Complex Oncological Decision-Making Utilizing Fast-and-Frugal Trees in a Community Setting-Role of Academic and Hybrid Modeling

J Clin Med. 2020 Jun 16;9(6):1884. doi: 10.3390/jcm9061884.


Non-small cell lung cancer is a devastating disease and with the advent of targeted therapies and molecular testing, the decision-making process has become complex. While established guidelines and pathways offer some guidance, they are difficult to utilize in a busy community practice and are not always implemented in the community. The rationale of the study was to identify a cohort of patients with lung adenocarcinoma at a City of Hope community site (n = 11) and utilize their case studies to develop a decision-making framework utilizing fast-and-frugal tree (FFT) heuristics. Most patients had stage IV (N = 9, 81.8%) disease at the time of the first consultation. The most common symptoms at initial presentation were cough (N = 5, 45.5%), shortness of breath (N = 3, 27.2%), and weight loss (N = 3, 27.2%). The Eastern Cooperative Oncology Group (ECOG) performance status ranged from 0-1 in all patients in this study. Distribution of molecular drivers among the patients were as follows: EGFR (N = 5, 45.5%), KRAS (N = 2, 18.2%), ALK (N = 2, 18.2%), MET (N = 2, 18.2%), and RET (N = 1, 9.1%). Seven initial FFTs were developed for the various case scenarios, but ultimately the decisions were condensed into one FFT, a molecular stage IV FFT, that arrived at accurate decisions without sacrificing initial information. While these FFT decision trees may seem arbitrary to an experienced oncologist at an academic site, the simplicity of their utility is essential for community practice where patients often do not get molecular testing and are not assigned proper therapy.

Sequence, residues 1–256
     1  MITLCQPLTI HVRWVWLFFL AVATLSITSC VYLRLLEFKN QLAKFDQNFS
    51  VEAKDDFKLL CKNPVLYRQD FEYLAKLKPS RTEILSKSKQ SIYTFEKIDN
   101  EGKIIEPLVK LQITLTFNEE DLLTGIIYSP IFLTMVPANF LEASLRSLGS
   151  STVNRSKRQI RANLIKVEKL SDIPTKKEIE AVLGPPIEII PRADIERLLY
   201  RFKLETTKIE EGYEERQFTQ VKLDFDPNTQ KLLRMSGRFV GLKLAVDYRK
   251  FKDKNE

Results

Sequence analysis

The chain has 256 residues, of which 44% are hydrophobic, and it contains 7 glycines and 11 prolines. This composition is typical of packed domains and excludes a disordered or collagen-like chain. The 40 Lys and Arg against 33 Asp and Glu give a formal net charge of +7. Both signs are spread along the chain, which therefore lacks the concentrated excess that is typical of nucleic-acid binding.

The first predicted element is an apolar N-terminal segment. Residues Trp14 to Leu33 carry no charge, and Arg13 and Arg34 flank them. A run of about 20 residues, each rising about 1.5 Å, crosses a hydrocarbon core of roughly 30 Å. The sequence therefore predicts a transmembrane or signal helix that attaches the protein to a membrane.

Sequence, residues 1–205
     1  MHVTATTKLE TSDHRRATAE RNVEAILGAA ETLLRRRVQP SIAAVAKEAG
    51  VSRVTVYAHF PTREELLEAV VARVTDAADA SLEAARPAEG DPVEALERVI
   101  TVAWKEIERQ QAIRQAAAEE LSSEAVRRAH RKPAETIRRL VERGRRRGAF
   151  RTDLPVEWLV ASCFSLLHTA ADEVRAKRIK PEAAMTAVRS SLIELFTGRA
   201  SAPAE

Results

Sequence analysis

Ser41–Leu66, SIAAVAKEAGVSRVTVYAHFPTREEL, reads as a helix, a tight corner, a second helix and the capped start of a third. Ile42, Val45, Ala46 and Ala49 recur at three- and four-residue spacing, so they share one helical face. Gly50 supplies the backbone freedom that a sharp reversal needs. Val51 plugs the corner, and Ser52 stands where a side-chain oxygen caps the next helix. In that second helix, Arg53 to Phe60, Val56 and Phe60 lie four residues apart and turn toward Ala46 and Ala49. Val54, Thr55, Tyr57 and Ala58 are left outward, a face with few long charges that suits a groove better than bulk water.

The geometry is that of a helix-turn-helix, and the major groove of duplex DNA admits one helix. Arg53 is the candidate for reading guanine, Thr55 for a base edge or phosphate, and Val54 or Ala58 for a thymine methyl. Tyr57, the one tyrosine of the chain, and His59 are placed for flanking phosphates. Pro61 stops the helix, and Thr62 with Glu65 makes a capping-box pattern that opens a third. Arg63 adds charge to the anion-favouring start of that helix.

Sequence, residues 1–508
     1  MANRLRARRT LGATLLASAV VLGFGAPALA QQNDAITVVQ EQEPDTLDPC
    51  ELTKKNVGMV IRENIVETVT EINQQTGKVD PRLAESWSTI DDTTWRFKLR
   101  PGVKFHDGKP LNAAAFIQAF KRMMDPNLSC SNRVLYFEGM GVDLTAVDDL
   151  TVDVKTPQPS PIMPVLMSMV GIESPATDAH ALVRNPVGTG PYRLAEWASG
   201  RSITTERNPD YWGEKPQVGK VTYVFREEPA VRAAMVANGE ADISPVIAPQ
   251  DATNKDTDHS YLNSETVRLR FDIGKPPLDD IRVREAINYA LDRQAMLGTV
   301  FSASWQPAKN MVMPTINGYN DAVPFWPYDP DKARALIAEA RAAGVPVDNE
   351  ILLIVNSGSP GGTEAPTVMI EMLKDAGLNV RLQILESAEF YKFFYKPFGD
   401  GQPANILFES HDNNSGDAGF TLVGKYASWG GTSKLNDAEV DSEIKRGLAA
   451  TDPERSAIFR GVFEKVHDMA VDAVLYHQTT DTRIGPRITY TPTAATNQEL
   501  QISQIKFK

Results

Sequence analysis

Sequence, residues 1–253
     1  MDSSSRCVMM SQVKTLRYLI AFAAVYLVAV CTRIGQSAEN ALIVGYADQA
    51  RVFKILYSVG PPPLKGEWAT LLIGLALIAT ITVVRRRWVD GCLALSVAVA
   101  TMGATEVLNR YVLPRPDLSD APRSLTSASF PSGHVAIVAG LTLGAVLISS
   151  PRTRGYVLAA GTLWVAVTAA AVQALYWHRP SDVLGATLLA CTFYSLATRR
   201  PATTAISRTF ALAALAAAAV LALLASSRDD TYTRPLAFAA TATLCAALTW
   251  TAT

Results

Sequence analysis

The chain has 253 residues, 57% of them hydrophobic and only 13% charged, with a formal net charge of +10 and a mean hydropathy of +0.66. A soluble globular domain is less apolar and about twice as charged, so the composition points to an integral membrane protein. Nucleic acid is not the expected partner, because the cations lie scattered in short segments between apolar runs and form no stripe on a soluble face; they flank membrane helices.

Keywords: actionable mutations; community practice; fast-and-frugal trees; next-generation sequencing; non-small cell lung cancer; personalized medicine.